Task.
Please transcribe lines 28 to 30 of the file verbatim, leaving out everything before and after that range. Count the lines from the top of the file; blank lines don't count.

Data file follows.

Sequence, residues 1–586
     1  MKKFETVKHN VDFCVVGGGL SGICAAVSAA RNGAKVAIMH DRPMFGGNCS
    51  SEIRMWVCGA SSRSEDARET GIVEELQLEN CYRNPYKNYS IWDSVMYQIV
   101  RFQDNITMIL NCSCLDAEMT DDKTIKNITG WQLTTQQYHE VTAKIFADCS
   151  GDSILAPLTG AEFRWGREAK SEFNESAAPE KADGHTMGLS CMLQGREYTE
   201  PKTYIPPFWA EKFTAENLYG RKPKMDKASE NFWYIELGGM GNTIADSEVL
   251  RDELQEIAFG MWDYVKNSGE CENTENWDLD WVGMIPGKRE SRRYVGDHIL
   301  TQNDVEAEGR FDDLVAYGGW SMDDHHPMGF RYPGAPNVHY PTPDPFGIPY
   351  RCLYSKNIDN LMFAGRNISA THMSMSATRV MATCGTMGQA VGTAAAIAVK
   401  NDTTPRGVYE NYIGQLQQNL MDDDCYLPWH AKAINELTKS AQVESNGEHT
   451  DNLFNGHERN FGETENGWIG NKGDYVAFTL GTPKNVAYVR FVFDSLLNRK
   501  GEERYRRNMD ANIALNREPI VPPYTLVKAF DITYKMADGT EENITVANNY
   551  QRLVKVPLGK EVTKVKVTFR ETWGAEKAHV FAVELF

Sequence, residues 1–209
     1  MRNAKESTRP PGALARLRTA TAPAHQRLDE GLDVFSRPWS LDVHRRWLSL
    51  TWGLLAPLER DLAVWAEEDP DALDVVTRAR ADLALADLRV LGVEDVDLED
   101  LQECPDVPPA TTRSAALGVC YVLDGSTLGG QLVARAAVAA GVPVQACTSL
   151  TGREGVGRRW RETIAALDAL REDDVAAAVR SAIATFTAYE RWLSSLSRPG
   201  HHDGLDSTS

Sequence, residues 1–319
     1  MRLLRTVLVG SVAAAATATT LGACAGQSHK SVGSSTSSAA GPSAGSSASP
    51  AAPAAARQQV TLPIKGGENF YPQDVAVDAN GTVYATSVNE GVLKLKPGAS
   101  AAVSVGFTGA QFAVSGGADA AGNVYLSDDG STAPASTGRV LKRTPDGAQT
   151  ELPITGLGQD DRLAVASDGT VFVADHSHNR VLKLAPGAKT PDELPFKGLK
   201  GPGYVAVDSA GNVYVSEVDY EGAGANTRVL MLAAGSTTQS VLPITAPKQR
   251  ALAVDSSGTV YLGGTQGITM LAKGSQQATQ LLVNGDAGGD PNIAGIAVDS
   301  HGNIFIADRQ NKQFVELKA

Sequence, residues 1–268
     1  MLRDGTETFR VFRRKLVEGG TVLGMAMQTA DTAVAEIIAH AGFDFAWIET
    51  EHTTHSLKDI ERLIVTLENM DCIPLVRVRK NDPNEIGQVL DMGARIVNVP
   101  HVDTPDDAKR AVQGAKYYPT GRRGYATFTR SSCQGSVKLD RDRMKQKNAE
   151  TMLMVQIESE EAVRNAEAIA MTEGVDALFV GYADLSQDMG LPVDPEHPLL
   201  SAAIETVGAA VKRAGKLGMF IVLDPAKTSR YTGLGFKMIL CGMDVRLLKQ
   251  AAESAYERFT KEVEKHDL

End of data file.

Sequence, residues 1–268
     1  MLRDGTETFR VFRRKLVEGG TVLGMAMQTA DTAVAEIIAH AGFDFAWIET
    51  EHTTHSLKDI ERLIVTLENM DCIPLVRVRK NDPNEIGQVL DMGARIVNVP